Prior to initializing the context, it may be also useful to check whether there is an HMD connected and the runtime is correctly installed. This can be done using the VR_IsHmdPresent and VR_IsRuntimeInstalled calls respectively. With all this, the OpenVR initialization should have the following form (NOTE: take into account that all the code snippets that will follow are just pseudo-code, and might not compile exactly as they are written. It’s recommended to refer to the API docs to check the details of each function):

// Check whether there’s an HMD connected and a runtime installed 
if (VR_IsHmdPresent() && VR_IsRuntimeInstalled()) 
	print "It's all ready to run the VR application!"; 
	return -1;

As we already have our VR context initialized we can also take the chance to obtain some information about the devices being tracked by the VR system as part of our initialization function. In order to do this, we have to iterate through all the devices being recognized by the system. The VR context at runtime maintains a list of all the devices being tracked, and we can use a few variables and functions to traverse that list. The OpenVR variable k_unTrackedDeviceIndex_Hmd maintains the ID of the first recognized device (which is always the headset itself), and the variable k_unMaxTrackedDeviceCount maintains the ID of the last possible to track device. Additionally, there is also a useful function called IsTrackedDeviceConnected as part of the VR context which allows us to query whether that particular device is being tracked or not.

Thus, we can use these variables and that function to iterate through the whole list of possible devices and obtain data from those which are being correctly tracked. Once we know one device is being tracked we can query some basic information such as its type (HMD, controller, base station, standalone tracker, etc) using the function GetTrackedDeviceClass, or its name and additional properties using the function GetStringTrackedDeviceProperty. Both functions are provided by the VR context, but you will see that in the code they are wrapped into a few utility functions so to get a string from the returned data structure. The code snippet illustrating this simple information retrieval from the VR system is shown below:

// Iterate through all the allowed devices and print basic data for those connected 
for (int td=k_unTrackedDeviceIndex_Hmd; td<vk_unMaxTrackedDeviceCount; td++) 
    if (vr_context->IsTrackedDeviceConnected(td)) // Check if that device is connected 
        td_class = vr_context->GetTrackedDeviceClass(td); 
        td_name = vr_context->GetStringTrackedDeviceProperty(td,Prop_TrackingSystemName_String);

        print "Type: " + td_class + ", " + "Name: " + td_name;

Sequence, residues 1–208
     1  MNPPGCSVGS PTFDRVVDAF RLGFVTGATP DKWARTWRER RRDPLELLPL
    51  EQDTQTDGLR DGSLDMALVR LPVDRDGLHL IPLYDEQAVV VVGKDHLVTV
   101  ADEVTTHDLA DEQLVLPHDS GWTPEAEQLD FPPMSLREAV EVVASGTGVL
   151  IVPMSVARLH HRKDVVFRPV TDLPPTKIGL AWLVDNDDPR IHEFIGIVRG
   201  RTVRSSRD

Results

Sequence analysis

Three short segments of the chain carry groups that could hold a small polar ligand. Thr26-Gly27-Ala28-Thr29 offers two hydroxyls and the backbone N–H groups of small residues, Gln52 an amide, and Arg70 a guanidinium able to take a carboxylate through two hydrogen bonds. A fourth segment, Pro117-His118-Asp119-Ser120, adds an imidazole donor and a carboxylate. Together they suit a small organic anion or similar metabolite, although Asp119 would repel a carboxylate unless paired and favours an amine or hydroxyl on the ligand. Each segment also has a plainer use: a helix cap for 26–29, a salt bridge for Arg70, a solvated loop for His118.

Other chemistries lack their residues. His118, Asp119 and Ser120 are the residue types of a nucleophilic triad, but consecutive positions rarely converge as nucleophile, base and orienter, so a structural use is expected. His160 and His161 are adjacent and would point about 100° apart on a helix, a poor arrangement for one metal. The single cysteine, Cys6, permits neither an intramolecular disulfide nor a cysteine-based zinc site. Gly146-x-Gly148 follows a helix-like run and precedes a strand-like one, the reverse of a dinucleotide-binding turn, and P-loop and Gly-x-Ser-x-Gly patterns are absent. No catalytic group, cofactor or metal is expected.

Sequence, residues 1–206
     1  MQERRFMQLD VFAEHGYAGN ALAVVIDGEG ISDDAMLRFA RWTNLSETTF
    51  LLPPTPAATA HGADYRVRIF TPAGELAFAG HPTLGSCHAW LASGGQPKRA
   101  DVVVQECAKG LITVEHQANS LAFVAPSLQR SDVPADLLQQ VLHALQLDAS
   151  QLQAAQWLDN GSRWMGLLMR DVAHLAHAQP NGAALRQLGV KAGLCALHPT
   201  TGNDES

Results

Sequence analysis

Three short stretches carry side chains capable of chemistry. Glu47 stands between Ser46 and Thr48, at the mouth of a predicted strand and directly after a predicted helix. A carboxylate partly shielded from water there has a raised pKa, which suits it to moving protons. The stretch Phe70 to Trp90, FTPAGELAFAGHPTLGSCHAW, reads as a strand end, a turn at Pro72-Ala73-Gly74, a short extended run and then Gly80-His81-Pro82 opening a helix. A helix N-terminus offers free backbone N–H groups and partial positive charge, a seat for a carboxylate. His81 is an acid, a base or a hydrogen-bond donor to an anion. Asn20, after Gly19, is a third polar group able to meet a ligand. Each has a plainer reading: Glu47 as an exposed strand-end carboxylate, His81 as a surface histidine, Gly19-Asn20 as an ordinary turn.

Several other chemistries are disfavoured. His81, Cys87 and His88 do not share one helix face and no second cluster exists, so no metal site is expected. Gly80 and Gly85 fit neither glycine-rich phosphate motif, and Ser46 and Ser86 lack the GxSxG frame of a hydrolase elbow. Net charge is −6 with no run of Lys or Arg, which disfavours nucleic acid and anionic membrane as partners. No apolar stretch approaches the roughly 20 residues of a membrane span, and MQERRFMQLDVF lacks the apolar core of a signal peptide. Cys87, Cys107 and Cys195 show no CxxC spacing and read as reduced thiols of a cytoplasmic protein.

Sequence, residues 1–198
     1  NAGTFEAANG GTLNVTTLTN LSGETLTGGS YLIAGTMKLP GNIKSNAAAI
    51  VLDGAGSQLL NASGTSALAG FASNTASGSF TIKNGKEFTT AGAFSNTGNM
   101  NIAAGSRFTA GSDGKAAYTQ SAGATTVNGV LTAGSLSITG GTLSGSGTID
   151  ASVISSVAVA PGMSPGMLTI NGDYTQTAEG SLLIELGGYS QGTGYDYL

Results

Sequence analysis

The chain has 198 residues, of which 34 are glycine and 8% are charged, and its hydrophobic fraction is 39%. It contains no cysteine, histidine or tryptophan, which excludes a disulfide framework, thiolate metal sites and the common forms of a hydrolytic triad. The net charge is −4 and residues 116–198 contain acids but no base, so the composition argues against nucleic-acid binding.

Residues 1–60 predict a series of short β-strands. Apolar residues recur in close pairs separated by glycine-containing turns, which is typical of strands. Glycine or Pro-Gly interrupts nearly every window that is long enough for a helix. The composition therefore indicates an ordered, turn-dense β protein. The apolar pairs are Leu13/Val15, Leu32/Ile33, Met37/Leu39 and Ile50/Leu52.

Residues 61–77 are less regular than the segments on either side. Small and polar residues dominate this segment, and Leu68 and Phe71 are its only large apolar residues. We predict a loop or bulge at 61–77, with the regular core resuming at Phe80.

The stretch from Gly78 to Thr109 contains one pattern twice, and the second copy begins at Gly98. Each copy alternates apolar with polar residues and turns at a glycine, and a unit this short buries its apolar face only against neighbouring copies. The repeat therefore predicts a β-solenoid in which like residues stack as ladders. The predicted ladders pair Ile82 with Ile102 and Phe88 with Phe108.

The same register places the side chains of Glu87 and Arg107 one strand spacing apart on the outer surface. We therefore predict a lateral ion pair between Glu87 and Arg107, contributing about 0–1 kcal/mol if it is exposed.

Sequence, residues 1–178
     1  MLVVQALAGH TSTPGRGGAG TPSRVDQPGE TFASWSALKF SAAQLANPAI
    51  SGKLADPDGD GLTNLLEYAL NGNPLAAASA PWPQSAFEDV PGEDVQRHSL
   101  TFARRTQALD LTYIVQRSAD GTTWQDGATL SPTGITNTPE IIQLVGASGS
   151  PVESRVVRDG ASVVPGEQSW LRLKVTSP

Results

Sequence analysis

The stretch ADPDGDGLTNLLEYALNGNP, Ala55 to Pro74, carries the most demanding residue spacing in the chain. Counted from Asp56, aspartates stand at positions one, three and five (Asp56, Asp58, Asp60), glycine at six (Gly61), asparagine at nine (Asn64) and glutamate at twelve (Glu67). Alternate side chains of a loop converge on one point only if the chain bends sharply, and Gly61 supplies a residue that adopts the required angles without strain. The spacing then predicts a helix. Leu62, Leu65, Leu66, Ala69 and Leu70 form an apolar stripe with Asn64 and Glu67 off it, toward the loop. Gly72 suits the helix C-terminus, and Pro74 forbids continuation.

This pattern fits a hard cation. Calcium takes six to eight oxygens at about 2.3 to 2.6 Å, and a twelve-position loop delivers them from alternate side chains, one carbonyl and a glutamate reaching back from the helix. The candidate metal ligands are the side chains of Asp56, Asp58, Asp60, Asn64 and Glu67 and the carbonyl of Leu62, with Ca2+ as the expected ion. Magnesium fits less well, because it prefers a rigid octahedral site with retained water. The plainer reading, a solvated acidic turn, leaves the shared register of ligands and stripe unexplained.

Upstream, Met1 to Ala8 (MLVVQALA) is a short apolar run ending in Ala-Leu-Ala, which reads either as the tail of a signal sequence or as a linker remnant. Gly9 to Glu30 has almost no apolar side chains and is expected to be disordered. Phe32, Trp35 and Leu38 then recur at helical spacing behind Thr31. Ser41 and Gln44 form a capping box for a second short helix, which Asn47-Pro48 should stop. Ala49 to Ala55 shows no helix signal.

It’s worth noting here that if we check the OpenVR API code, we realize that all these functions have no implementation, as they are included as pure virtual functions in the header file. This is because the one in charge of implementing them is the runtime which will end up talking with the underlying hardware through the driver. So each hardware vendor which would like to get its headset talk OpenVR will implement the OpenVR driver API using the proper hardware-specific directives to access and retrieve the needed information. The important thing is that as they implement the API, the returning structures will share the same types and data structures, regardless the vendor, and that’s the main reason why this kind of APIs are multi-platform (check the first picture of this post!).

So now that we have initialized OpenVR and retrieved some basic information from the connected devices, we are in condition to code the application’s main loop, in which we will obtain and print the position of all the connected devices on screen in each frame. You’ll see in the code that the PollNextEvent function is used to check for events, but those are just events used to print relevant information such as when a new device is recognized or lose tracking, when buttons are pressed on the devices, etc., so it’s not essential for the task of retrieving positions and we will not detail it here.

In this line, the most relevant call is the call to GetDeviceToAbsoluteTrackingPose, which receives the coordinate system relative to which the positions are going to be notified, an empty array of TrackedDevicePose_t data structure elements to be filled as a result and the length of this array. The TrackedDevicePose_t array of elements will contain all the information related to the position, orientation and other properties of each tracking device (called pose), so this is the array we will have to query in order to obtain the position of each tracked device. More specifically, the mDeviceToAbsoluteTracking attribute of this structure is the one used to maintain the device position and orientation. As usual, positions and orientations are represented using matrices. In this case, both are included in a single 3×4 matrix of the form: